Jae-Ha Kim of the Chicago Sun-Times said that Spears "showed why she has got a leg up on blonder competitors such as Christina Aguilera, Jessica Simpson and Mandy Moore. Aguilera may have a better voice (and a Grammy to validate it), but Spears has that 'it' factor that worked for pinup queens of the past, such as Farrah Fawcett". Adam Graham of Central Michigan Life commented that "although the show was only about 10 songs long and the authenticity of her voice was in question throughout, it was really truly hard to walk away feeling anything but completely gratified". Dave Tianen of the Milwaukee Journal Sentinel believed that the show "was energetic, good-humored, fast-paced and bright".
"There's a delay in the screen above me, so if you listen to the music and watch the screen, they don't sync up. I think that confuses people. But I'm singing every song. I'm singing my ass off. [...] There are times during the show, when I'm dancing so much, where I get out of breath, and we have a signal where I'm dying and they'll help me out. Believe me, I'd give anything to do a show where I just sit there and sing".
On April 24, 2000, the concert at Hilton Hawaiian Village in Honolulu, Hawaii was taped. On June 5, 2000, it was broadcast in a special in Fox. On November 21, 2000, Jive Records released the Britney Spears: Live and More! DVD, which included the Fox special. It was certified three-times platinum by the Recording Industry Association of America (RIAA) for shipment of 300,000 copies in DVD units.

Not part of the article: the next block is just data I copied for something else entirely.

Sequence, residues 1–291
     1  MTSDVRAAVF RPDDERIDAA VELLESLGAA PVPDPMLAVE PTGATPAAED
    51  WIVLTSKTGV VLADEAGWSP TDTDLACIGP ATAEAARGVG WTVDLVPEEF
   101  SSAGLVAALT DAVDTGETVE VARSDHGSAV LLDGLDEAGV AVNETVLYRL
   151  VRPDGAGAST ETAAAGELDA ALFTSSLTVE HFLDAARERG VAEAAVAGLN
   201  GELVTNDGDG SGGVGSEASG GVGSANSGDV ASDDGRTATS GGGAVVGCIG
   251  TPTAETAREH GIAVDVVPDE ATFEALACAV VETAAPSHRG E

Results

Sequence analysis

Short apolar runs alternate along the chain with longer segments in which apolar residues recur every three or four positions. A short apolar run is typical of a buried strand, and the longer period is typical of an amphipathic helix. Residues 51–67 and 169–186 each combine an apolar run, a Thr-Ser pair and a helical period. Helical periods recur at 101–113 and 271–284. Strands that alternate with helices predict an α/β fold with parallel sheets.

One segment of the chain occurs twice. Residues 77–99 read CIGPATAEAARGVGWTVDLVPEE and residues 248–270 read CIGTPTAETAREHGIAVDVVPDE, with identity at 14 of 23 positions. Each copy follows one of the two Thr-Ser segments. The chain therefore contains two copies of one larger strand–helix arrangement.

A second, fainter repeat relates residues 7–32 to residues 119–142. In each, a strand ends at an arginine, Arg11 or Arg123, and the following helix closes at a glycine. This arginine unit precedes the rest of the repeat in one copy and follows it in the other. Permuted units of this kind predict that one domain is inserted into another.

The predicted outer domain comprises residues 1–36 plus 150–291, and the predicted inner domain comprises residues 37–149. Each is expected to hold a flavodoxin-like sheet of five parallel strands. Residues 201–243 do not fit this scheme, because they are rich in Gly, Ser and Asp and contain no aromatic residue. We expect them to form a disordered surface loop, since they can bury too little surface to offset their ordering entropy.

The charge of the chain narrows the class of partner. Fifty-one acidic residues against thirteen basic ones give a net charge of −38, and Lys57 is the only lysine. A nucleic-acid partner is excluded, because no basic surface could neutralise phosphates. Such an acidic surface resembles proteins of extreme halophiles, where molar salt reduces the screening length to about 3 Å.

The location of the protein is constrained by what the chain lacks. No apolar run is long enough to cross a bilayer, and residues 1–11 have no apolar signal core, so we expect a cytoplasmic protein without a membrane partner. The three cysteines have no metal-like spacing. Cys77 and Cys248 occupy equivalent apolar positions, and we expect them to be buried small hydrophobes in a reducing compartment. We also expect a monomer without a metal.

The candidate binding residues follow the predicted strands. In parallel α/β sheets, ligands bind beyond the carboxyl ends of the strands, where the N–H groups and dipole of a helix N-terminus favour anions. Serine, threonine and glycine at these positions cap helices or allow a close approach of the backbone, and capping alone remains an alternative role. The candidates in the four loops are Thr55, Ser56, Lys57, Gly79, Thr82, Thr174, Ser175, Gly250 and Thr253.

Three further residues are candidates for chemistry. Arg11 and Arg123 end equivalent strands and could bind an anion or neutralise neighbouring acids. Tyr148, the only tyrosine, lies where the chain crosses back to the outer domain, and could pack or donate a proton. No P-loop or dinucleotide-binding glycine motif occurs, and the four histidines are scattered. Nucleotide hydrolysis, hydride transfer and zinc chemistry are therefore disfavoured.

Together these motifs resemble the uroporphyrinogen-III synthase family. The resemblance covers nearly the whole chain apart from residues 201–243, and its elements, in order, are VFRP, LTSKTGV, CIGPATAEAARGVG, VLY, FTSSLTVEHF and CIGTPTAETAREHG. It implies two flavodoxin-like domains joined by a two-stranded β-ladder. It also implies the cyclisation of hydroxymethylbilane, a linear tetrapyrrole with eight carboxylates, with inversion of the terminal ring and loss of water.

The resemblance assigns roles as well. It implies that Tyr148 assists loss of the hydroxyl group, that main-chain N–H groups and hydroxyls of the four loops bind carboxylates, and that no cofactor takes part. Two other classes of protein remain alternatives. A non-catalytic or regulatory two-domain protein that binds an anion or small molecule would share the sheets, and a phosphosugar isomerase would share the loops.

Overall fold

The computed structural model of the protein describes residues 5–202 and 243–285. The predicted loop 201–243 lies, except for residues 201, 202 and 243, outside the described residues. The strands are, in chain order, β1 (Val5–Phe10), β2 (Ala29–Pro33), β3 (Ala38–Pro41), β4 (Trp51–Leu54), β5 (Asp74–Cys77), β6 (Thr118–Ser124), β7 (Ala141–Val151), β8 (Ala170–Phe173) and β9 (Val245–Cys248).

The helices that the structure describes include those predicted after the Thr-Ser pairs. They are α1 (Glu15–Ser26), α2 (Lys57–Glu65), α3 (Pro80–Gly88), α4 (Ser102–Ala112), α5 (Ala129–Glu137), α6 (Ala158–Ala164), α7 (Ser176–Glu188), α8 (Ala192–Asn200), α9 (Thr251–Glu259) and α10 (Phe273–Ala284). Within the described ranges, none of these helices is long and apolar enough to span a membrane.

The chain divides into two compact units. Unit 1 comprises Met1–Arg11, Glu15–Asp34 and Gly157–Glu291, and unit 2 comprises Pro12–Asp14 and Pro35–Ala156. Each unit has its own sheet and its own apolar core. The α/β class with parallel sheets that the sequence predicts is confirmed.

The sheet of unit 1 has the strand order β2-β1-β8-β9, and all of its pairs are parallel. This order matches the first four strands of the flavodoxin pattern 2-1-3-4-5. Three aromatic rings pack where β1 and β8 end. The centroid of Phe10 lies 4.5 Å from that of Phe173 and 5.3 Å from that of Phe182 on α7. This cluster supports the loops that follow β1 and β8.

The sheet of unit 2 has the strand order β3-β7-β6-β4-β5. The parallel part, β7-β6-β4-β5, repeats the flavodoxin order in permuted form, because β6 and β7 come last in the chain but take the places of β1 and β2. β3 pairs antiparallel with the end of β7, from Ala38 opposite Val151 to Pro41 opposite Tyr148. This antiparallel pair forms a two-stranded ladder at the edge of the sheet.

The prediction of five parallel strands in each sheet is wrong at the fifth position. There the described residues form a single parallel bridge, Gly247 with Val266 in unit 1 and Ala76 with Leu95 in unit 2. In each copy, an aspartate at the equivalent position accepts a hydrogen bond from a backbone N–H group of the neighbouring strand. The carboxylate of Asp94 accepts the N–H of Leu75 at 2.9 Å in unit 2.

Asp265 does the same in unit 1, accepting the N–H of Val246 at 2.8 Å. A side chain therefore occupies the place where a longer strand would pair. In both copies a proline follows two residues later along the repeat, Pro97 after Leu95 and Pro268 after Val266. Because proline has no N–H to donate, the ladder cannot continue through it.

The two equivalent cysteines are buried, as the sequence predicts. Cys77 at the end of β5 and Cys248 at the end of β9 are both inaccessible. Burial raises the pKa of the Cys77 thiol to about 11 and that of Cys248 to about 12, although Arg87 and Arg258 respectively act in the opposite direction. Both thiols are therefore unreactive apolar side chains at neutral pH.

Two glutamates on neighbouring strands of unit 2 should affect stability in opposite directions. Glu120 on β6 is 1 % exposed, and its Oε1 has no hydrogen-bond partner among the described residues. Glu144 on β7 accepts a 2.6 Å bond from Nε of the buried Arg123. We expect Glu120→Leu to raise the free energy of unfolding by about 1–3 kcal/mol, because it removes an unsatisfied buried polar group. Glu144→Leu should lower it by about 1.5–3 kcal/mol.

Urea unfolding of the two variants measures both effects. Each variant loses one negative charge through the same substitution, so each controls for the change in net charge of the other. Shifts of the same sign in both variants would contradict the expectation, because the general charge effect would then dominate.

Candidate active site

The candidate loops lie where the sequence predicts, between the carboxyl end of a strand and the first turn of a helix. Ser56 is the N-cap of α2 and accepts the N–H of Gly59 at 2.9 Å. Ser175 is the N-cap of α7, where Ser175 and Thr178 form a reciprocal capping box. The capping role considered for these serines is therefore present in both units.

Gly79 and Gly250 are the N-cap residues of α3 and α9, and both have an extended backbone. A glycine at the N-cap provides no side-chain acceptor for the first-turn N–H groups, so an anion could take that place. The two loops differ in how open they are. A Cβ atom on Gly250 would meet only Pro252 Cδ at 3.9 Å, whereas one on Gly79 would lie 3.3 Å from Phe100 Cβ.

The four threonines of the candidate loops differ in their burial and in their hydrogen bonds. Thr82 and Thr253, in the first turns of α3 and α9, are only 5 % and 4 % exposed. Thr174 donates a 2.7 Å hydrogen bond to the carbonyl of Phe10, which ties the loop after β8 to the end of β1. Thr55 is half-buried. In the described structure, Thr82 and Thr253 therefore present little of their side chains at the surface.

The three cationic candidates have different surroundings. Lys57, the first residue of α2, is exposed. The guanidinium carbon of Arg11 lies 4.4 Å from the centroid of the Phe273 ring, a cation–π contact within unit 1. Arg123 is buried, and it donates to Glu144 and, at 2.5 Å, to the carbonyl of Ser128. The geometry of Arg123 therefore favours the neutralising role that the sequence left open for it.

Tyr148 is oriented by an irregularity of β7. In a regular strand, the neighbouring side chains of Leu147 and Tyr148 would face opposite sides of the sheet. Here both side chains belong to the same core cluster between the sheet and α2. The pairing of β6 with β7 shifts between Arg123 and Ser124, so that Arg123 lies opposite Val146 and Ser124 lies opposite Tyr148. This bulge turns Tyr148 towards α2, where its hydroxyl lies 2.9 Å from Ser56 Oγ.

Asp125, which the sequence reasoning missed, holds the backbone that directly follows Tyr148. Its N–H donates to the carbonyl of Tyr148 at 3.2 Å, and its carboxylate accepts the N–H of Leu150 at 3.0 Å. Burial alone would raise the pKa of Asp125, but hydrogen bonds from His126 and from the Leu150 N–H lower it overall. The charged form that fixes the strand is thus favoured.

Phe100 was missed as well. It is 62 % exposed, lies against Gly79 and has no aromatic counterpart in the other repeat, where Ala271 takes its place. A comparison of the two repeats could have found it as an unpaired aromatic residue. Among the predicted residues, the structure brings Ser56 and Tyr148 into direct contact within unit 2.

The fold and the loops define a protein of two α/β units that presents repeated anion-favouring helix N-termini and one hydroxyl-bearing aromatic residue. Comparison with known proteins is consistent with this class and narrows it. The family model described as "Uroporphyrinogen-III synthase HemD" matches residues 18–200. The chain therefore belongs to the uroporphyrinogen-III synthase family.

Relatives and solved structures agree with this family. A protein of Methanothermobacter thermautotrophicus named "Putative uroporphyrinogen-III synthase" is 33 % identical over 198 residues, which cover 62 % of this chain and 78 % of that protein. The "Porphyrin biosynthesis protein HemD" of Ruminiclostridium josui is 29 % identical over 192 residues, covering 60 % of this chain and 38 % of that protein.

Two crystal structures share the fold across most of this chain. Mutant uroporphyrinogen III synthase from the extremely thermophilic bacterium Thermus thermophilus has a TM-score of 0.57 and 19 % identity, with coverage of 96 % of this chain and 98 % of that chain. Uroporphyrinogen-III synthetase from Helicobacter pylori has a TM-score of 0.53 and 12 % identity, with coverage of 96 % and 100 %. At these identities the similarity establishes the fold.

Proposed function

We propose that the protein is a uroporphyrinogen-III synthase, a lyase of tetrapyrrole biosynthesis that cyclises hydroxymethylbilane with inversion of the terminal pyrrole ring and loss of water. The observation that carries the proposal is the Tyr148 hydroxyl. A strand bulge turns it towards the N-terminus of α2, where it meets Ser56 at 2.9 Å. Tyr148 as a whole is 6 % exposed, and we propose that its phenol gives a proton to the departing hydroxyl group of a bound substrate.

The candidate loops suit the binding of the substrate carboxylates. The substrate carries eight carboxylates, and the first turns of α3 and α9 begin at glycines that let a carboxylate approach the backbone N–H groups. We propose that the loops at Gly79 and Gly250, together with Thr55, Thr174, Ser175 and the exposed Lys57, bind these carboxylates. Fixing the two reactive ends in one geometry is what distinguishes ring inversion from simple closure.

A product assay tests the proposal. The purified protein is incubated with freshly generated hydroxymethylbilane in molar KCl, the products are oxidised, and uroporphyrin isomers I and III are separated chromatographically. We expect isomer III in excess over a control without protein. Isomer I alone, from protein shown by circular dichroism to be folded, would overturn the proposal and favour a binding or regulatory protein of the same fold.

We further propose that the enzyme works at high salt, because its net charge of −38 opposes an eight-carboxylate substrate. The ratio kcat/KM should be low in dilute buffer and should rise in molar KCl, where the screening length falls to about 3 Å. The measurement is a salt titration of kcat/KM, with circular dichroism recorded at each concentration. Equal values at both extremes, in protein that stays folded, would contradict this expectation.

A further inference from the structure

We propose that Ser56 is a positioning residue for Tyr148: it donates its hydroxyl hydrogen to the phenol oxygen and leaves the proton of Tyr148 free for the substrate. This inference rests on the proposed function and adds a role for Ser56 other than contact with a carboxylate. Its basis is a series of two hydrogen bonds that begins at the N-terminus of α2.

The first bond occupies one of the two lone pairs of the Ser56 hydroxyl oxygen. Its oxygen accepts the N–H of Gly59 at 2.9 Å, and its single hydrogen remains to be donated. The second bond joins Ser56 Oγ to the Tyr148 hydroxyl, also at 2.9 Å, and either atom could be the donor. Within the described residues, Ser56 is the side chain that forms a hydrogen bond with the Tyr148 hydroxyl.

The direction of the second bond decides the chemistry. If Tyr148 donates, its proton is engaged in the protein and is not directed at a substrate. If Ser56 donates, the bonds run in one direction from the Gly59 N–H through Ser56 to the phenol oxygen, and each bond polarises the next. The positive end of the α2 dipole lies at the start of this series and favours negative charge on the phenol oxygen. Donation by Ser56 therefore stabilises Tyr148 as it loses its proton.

|March 8, 2000||Pensacola||United States||Pensacola Civic Center|
|March 9, 2000||Birmingham||BJCC Coliseum|
|March 10, 2000[a]||North Little Rock||Alltel Arena|
|March 12, 2000||Memphis||Pyramid Arena|
|March 13, 2000||Louisville||Freedom Hall|
|March 14, 2000[b]||Auburn Hills||The Palace of Auburn Hills|
|March 15, 2000[c]||Cincinnati||Firstar Center|
|March 19, 2000||Grand Rapids||Van Andel Arena|
|March 20, 2000[d]||Moline||The MARK of the Quad Cities|
|March 21, 2000||Madison||Kohl Center|
|March 22, 2000||Rosemont||Allstate Arena|
|March 23, 2000|
|March 25, 2000||Worcester||Worcester's Centrum Centre|
|March 26, 2000||Baltimore||Baltimore Arena|
|March 27, 2000||Albany||Pepsi Arena|
|March 29, 2000[e]||Greensboro||Greensboro Coliseum|
|March 31, 2000[f]||Tampa||Ice Palace|
|April 1, 2000||Miami||American Airlines Arena|
|April 2, 2000||Daytona Beach||Ocean Center|
|April 4, 2000||New Orleans||New Orleans Arena|
|April 6, 2000[g]||Greenville||BI-LO Center|
|April 7, 2000||Roanoke||Roanoke Civic Center|
|April 8, 2000||Charleston||Charleston Civic Center|
|April 9, 2000[h]||Knoxville||Thompson Boling Arena|
|April 24, 2000||Honolulu||Hilton Hawaiian Village|
|March 14, 2000||Evansville||United States||Roberts Stadium|
|March 29, 2000||Richmond||Richmond Coliseum|
|April 6, 2000||Jacksonville||Jacksonville Coliseum|
|April 8, 2000||Sunrise||National Car Rental Center|
|April 9, 2000||Fort Myers||TECO Arena|
|Venue||City||Tickets Sold / Available||Gross Revenue|
|Pyramid Arena||Memphis||16,906 / 16,906 (100%)||$578,845|